Eating mindfully allows us to enjoy ANY and ALL foods while maintaining a healthy size and realizing a stress-free relationship with food. You're thinking "sign me up!" right? Me too! What is mindful eating exactly? While we often think of mindful eating as simply eating without distraction, it's a little more involved. Michelle May shares her in-depth work on mindful eating on her website, which is where you will find this well-thought out definition.
Mindful eating is eating with intention and attention:
•Eating with the intention of caring for yourself
•Eating with the attention necessary for noticing and enjoying your food and its effects on your body
•Awareness of your physical and emotional cues
•Recognition of your non-hunger triggers for eating
•Learning to meet your other needs in more effective ways than eating
•Choosing food for both enjoyment and nourishment
•Eating for optimal satisfaction and satiety
•Using the fuel you’ve consumed to live the vibrant life you crave
While in theory, mindful eating is simple, our fast-paced world makes eating with intention and attention next to impossible. It takes time and training to shift your eating patterns. So, as you're shifting, we can help provide you with some tools. One is this list of mindful foods; foods that require more attention and intention to eat naturally. Perhaps you can come up with a few more. Consider using these foods as you practice eating more mindfully.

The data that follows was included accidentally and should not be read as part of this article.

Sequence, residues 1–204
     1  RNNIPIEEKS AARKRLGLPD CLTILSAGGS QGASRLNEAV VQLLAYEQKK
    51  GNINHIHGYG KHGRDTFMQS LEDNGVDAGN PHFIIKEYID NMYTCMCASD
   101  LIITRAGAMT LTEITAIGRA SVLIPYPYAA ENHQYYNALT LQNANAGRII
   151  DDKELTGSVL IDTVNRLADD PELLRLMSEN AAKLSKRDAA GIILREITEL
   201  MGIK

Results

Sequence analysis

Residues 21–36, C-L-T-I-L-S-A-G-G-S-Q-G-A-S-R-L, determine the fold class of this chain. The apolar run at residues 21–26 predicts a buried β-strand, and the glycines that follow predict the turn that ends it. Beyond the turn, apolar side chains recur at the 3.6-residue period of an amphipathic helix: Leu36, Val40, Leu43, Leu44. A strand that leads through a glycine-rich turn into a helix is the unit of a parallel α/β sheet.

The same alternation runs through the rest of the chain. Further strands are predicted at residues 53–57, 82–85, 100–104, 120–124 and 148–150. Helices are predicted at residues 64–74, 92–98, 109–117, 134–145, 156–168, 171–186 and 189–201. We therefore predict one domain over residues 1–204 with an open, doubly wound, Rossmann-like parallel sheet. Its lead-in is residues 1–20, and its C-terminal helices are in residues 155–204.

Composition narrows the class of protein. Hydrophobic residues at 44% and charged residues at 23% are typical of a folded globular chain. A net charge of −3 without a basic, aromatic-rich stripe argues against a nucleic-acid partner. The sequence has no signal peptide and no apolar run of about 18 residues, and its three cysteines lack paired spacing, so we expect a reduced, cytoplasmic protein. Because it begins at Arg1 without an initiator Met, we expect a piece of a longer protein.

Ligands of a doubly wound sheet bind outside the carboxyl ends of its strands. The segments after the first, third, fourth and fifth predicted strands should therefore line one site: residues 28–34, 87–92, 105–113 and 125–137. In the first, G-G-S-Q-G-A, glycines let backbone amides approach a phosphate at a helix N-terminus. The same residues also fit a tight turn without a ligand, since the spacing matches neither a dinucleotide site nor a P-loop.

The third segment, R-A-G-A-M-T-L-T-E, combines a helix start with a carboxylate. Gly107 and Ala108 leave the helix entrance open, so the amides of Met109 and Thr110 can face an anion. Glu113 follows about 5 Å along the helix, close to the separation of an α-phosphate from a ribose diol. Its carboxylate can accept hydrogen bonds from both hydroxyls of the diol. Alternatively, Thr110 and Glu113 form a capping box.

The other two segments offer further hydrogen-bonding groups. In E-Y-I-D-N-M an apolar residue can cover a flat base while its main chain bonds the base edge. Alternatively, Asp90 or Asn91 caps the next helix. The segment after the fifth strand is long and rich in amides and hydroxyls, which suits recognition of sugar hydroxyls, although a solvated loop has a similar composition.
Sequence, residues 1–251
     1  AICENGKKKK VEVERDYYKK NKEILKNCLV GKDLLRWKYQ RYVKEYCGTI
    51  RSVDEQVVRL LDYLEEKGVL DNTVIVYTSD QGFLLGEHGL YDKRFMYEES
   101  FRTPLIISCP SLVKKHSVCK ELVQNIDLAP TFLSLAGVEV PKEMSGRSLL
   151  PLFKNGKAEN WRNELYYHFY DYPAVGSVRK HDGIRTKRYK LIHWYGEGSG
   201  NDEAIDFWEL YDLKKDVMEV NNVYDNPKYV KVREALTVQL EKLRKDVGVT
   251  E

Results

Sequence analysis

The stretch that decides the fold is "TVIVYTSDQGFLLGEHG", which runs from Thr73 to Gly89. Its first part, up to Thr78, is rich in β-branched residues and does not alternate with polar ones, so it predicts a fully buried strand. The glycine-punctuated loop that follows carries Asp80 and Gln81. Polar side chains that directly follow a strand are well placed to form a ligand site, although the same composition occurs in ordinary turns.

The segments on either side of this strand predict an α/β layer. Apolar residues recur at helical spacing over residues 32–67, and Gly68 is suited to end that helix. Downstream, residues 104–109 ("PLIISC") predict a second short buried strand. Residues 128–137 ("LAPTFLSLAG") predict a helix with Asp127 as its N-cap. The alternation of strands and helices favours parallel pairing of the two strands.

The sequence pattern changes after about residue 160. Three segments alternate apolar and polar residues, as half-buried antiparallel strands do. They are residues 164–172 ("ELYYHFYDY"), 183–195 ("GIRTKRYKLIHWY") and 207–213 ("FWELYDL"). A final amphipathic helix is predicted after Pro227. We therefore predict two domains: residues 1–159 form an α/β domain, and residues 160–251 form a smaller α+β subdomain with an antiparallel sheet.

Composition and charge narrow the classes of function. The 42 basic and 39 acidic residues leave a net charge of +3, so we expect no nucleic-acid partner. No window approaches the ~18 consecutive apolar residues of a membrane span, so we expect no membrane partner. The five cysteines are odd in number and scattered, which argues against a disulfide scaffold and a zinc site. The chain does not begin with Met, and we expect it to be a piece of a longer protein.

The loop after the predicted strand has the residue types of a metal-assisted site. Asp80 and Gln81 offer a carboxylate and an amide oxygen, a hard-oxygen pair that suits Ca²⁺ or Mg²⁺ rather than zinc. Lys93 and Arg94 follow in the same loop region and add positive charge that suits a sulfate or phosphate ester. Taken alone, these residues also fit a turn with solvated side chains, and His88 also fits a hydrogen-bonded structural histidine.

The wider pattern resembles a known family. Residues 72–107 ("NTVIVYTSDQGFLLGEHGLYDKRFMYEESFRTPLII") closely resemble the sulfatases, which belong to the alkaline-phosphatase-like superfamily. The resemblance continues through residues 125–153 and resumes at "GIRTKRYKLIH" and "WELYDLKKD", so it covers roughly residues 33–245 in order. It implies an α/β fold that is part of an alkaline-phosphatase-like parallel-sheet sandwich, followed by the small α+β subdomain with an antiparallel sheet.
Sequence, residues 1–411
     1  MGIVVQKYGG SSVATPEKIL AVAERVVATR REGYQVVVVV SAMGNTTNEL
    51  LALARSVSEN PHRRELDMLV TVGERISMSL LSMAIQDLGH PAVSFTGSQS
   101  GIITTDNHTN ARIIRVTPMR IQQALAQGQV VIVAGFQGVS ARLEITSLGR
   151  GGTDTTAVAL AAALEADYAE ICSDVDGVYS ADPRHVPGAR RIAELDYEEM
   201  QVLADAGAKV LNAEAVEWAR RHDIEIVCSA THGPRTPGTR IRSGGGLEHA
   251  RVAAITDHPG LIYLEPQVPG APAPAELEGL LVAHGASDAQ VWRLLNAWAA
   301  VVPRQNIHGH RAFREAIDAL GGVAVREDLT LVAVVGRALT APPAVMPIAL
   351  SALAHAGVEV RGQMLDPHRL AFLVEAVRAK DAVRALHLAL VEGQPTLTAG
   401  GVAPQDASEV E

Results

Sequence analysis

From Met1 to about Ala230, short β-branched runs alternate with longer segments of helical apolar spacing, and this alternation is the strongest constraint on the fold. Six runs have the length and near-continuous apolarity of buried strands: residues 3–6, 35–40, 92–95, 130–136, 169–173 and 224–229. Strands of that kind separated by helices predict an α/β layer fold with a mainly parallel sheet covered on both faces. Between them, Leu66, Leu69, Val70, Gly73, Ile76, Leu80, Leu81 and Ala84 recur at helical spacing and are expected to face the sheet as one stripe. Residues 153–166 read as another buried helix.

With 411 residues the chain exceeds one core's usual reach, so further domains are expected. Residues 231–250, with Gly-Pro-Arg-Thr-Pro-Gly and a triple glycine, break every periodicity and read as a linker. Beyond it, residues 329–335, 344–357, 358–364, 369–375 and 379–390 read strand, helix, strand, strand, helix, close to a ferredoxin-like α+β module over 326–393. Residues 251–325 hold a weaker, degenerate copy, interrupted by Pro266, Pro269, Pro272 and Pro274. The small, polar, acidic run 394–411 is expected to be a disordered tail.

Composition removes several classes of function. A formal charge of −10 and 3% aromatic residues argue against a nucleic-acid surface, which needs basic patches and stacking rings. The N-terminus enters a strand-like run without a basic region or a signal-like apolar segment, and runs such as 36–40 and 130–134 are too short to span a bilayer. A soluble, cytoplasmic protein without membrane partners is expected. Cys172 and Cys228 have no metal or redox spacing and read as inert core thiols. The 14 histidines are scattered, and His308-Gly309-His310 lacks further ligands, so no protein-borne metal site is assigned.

[ Pomegranates ]
A whole pomegranate may be THE most mindful food I can think of. Pomegranates demand one's full attention and eating them is somewhat of an art form. How do you do you open a pomegranate? I love hearing different ways people find to separate the arils and seeds from the membrane. If you're curious, here's one popular method courtesy of Martha Stewart. Next time you're peeling, cutting or soaking your pomegranate, think about where it came from and its meaning. In Buddhism, pomegranates are among the three blessed fruits and specifically represent the patron goddess of children. In ancient Greece, the pomegranate is a fertility symbol, strongly associated with Aphrodite, the goddess of love and Dionysus the goddess of wine, pleasure and merriment. In ancient Rome and in Judaism, the pomegranate has been a symbol of fertility both of the body and of the mind (wisdom). Not to mention pomegranates are one of the most antioxidant-rich fruits, great for your immunity. Ponder this as you open and attend to your sweet, juicy fruit.
[ Pistachios ]